Although all of our prior caselaw evaluating warrantless searches conducted pursuant to N.C. Gen. Stat. § 15A-1343(b)(13) applies the version of this statutory provision in effect prior to the 2009 statutory amendment, it is nevertheless helpful to review these decisions. In State v. McCoy, 45 N.C. App. 686, 263 S.E.2d 801, appeal dismissed and disc. review denied, 300 N.C. 377, 267 S.E.2d 681 (1980), this Court stated that “the United States Constitution is not violated by the requirement that a probationer submit to warrantless searches as a condition of probation. The courts of North Carolina and of other states, have approved of this condition.” Id. at 690, 263 S.E.2d at 804 (citations omitted). We reasoned that “[a]s a condition to probation, defendant had waived his right to be free from warrantless searches conducted in a lawful manner by his probation officer.” Id. at 691, 263 S.E.2d at 804-05. We further explained that

[p]ersons conditionally released to society ․ may have a reduced expectation of privacy, thereby rendering certain intrusions by governmental authorities “reasonable” which otherwise would be invalid under traditional constitutional concepts, at least to the extent that such intrusions are necessitated by legitimate governmental demands. Thus, a probationer who has been granted the privilege of probation on condition that he submit at any time to a warrantless search may have no reasonable expectation of traditional Fourth Amendment protection.

The official commentary to G.S. 15A-1343 states: This section specifies a number of conditions of probation, primarily ones that will be used fairly frequently, that may be imposed. The list is meant neither to be exclusive nor to suggest that these conditions should be imposed in all cases. Condition (15),2 dealing with searches, recognizes that the ability to search a probationer in some instances is an essential element of successful probation. It includes two important limits: (1) only a probation officer, and not a law-enforcement officer, may search the probationer under this condition, and (2) the search may be only for purposes reasonably related to the probation supervision.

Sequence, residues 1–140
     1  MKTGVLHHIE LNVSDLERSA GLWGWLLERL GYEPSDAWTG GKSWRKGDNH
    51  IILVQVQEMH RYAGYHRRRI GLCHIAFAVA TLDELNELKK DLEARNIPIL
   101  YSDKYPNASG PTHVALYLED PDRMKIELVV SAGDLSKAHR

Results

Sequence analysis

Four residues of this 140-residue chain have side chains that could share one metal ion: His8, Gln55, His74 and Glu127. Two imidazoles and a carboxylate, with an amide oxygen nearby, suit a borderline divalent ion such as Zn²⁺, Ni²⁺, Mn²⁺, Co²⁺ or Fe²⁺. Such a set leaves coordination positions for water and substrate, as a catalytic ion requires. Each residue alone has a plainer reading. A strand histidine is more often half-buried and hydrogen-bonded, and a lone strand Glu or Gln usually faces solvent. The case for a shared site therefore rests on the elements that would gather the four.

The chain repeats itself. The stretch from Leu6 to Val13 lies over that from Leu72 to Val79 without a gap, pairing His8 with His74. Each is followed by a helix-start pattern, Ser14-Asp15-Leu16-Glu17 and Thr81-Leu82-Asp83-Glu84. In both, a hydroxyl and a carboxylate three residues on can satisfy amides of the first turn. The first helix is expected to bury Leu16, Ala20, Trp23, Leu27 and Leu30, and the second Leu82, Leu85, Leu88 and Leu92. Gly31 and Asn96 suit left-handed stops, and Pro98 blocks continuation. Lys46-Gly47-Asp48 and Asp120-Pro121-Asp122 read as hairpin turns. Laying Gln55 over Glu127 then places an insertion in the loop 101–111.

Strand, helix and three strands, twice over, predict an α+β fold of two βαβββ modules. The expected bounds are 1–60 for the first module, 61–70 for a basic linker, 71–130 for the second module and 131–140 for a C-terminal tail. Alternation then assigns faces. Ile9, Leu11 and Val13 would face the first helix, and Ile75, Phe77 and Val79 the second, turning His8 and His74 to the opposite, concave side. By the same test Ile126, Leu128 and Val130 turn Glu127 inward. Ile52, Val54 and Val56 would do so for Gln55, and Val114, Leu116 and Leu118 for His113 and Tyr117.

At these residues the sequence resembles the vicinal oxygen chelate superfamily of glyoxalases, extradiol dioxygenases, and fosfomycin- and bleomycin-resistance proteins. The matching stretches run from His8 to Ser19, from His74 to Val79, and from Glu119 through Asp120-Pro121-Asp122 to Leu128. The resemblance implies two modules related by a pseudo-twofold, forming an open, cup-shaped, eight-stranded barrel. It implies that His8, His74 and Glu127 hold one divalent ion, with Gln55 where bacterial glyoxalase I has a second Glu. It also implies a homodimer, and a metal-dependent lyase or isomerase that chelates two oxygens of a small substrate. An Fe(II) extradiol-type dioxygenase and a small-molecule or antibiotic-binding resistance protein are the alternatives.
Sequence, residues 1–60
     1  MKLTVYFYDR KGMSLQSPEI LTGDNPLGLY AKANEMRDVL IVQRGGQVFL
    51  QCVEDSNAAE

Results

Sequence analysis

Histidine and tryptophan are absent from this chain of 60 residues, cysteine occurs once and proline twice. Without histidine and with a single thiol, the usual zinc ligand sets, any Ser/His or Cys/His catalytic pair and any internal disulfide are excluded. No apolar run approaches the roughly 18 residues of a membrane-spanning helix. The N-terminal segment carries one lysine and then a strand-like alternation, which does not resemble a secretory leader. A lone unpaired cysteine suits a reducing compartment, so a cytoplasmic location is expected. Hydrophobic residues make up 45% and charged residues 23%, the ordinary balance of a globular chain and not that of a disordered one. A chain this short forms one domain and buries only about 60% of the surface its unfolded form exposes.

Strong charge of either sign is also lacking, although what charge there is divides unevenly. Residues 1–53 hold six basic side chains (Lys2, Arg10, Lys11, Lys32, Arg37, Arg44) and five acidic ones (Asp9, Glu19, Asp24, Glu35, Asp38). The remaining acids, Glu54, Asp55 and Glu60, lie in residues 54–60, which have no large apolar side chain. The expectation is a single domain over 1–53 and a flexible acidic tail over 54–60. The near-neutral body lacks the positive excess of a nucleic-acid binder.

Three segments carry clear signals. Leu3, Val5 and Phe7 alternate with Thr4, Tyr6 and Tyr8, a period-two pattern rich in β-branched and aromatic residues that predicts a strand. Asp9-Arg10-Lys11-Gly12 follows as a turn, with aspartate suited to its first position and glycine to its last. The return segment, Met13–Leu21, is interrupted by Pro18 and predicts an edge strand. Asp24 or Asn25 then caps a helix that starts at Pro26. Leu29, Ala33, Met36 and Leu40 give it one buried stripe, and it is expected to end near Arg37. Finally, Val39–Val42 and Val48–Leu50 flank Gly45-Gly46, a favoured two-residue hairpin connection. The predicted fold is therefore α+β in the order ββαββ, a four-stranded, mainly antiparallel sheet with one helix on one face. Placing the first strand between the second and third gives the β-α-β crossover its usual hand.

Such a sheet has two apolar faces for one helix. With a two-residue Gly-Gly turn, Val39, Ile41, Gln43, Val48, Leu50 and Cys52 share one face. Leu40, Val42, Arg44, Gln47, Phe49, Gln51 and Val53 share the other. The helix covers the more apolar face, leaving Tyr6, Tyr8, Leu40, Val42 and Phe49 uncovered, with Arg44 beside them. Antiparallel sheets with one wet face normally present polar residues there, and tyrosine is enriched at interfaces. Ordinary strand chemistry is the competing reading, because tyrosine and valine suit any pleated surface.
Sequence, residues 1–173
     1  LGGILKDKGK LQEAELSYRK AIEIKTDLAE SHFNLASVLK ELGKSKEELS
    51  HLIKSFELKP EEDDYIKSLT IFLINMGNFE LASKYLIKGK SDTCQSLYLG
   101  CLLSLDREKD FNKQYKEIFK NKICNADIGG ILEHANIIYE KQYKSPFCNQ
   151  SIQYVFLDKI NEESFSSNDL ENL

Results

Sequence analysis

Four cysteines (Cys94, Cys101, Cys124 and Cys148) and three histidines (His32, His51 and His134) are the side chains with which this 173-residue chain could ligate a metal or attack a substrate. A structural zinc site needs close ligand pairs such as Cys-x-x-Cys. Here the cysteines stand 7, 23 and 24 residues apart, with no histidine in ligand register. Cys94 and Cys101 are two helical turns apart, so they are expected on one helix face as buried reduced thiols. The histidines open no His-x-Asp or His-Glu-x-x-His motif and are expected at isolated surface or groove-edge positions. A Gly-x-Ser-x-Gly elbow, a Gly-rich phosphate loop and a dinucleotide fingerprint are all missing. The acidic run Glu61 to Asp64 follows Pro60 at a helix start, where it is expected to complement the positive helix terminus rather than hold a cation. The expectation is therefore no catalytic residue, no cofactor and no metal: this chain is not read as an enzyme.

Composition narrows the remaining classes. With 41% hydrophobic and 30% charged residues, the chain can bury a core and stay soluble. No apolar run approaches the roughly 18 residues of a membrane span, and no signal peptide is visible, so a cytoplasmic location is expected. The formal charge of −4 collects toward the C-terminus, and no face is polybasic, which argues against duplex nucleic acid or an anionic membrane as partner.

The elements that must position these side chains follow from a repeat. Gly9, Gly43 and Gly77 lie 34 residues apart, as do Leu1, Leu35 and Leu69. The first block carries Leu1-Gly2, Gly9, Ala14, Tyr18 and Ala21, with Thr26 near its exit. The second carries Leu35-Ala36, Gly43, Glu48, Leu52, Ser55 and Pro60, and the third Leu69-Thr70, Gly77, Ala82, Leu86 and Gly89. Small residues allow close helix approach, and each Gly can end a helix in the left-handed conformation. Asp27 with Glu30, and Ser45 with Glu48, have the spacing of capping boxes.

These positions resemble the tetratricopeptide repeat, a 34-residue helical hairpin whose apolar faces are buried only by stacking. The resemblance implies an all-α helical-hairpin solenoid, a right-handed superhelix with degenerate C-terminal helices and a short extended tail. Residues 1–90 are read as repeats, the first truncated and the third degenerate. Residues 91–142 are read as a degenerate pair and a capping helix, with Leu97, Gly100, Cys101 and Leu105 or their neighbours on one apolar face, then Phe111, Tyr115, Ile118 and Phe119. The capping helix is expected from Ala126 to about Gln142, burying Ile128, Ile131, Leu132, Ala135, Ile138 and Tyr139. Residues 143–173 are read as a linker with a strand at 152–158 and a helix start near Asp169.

Id. at 691-92, 263 S.E.2d at 805 (internal citation, quotation marks, brackets, and formatting omitted and footnote added).

We have since applied this statutory provision on several occasions in the context of evaluating warrantless searches of a probationer's residence. In State v. Howell, 51 N.C. App. 507, 277 S.E.2d 112 (1981), the defendant's probation officer received a tip from an informant that the defendant was using drugs. She enlisted the assistance of law enforcement officers to help her conduct a search of the defendant's home, which uncovered the presence of illegal drugs. In moving to suppress the evidence, the defendant argued that the presence of law enforcement officers during the search rendered it unlawful under N.C. Gen. Stat. § 15A-1343(b). Id. at 508, 277 S.E.2d at 113.

We disagreed, holding that “[a] probation officer's search as authorized by G.S. 15A-1343(b)(15) is not necessarily invalid due to the presence, or even participation of, police officers in the search.” Id. at 509, 277 S.E.2d at 114. We noted that “it would have been difficult for [the probation officer] to conduct a useful search of the house described in the record, and keep watch of two individuals at the same time.” Id. We concluded that “we are not persuaded by defendant's argument that the warrantless search was initiated and accomplished by the police and was therefore unreasonable. Through the testimony of [his probation officer] the evidence is sufficient to support the trial court's finding that ‘under the circumstances disclosed by this evidence’ the search was reasonable.” Id.